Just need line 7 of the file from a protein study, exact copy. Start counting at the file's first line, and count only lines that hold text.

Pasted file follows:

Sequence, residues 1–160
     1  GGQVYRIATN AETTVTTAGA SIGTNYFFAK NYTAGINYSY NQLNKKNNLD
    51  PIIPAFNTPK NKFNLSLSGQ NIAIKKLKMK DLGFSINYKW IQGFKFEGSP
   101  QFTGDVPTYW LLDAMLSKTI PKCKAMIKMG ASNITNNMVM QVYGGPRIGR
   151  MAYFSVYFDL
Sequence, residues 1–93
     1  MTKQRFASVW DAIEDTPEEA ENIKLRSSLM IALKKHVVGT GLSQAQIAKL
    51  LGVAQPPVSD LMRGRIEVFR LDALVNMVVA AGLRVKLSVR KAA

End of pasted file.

     1  MTKQRFASVW DAIEDTPEEA ENIKLRSSLM IALKKHVVGT GLSQAQIAKL